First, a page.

Ever since IT became self-aware (no, not like Skynet in the Terminator) it has been striving to make itself more and more efficient. The “Aha!” moment for every IT organization comes when it realizes that business thinks it is too slow and delivers little value. After much introspection, new promises are made, commitment to customer service is renewed, processes are modified and streamlined, resources are trained, and so on… Everything runs great for awhile only to be repeated a couple of years later.
Many organizations have struggled with enabling its business users in the way James Taylor describes it. Many have tried, yet many have failed. Those that are successful not only introduce the right technology solutions but also modify many of its processes to ensure that business users can actually do what they need with little or no IT involvement. Simplification and streamlining of the processes, automation, and modernization are the keys to a successful business enablement initiative. Introducing the right business enablement technology is, of course, beside the point.
Typically, the biggest obstacle to making business enablement work well is the IT Release Management process. It is often too rigid and cumbersome, requires a small army to execute, and takes a long time. Business doesn't want to wait months for its often simple changes to be moved to production. This is not what business enablement is all about. Yet, IT, rightly so, doesn't want to let anything get into production without proper testing and validation. And here, at these crossroads is where most business enablement initiatives die.
But there is a way to solve this… The simple solution is to provide a shortcut to production for most if not all the changes made by the business. The diagram below depicts a high level process for achieving this.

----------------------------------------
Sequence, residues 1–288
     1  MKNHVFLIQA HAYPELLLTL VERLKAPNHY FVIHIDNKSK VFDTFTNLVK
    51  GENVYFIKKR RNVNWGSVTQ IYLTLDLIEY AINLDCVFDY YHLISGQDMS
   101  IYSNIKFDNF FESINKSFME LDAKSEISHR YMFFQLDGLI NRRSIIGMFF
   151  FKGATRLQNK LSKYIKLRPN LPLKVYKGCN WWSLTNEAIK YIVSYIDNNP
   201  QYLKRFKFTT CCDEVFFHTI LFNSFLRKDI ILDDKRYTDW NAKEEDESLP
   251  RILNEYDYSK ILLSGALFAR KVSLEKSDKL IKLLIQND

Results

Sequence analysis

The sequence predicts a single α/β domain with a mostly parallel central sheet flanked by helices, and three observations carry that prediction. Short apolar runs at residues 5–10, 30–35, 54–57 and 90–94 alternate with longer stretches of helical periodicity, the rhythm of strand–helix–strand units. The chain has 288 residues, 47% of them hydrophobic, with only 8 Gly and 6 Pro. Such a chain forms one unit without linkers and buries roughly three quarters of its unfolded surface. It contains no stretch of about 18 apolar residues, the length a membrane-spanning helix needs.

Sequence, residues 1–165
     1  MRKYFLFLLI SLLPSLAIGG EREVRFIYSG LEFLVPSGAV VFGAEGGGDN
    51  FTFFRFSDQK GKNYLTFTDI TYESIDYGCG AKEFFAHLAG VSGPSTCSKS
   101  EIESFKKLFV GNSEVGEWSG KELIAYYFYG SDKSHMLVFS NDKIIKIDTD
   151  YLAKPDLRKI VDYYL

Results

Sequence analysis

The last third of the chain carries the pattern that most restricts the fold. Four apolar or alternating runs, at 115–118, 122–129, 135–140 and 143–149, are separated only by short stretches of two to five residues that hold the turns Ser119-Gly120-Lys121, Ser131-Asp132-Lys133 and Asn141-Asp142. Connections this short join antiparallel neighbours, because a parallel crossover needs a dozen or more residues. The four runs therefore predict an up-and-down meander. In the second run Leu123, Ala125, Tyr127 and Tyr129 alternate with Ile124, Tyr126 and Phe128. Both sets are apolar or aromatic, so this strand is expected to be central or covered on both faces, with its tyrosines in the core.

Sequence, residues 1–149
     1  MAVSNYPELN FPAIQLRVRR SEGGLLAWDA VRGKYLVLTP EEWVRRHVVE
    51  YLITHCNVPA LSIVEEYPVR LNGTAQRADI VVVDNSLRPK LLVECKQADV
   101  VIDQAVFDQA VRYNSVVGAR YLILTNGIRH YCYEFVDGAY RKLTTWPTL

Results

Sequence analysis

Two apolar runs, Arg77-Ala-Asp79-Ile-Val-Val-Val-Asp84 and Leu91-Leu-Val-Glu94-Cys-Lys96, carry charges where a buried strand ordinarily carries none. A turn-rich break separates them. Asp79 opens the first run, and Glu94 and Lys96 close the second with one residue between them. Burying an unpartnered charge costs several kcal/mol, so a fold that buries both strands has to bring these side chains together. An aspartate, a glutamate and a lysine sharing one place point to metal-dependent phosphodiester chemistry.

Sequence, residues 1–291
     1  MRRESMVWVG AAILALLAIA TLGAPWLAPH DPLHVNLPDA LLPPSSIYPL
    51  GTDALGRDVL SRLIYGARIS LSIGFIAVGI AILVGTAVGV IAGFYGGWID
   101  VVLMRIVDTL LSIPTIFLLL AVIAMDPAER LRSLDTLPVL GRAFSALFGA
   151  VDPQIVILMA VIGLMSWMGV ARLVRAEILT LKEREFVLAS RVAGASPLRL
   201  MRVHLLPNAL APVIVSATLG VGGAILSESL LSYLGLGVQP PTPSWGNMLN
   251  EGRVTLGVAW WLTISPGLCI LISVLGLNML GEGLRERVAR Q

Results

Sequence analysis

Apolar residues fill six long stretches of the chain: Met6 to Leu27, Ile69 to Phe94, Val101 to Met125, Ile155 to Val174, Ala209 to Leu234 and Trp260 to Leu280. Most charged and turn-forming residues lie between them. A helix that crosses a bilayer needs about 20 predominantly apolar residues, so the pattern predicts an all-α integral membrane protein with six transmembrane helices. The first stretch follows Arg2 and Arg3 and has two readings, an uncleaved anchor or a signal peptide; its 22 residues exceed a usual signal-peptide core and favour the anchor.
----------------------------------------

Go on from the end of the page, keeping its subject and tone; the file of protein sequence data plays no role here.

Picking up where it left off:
It really doesn’t matter what tools are employed or what types of changes are made. This process should be able to handle most situations. The idea here is simple. To streamline the movement of business artifacts from development to production, several steps need to be taken.
- Establish a Business Development Environment, a location where business users can make changes to elements of IT systems under their control and test the impacts of these changes
- Once the changes are ready, provide an automated way to execute as many regression tests as necessary to validate that the changes do not impact any existing systems
- Enable an automated way to execute performance / load tests to ensure that changes do not adversely impact established NFRs
- Ensure stakeholders validate that the changes do not break current systems’ functionality
- Upon successful completion of all the tests, provide an automated way to deploy changes to production
- If a change is confined to business owned elements only and no changes by IT are needed, the change is eligible for the streamlined release
- If any IT changes are required, the regular release management process should be followed
While this process is simple from a high level perspective, there is a lot of hard work that needs to go into it to make it operational. Automation of testing and release management functions is never simple, fast, or straightforward. It usually takes months or even years to reach a point where it will cover 80% of IT systems and business functions. Yet, without automation, the process as described above cannot work. There is not going to be anything fast or streamlined about manual testing of business changes. On the other hand, the culture change required to make this process work can be daunting. Not many IT organizations will be willing to make this kind of a leap.
Business enablement can be achieved without a streamlined release management process. However, business agility cannot. Businesses cannot move as quickly as they can and react rapidly to a changing business climate without a way to introduce changes to IT systems in days rather than months. Those that can leverage business enablement and release management processes to their advantage will inevitably come out ahead.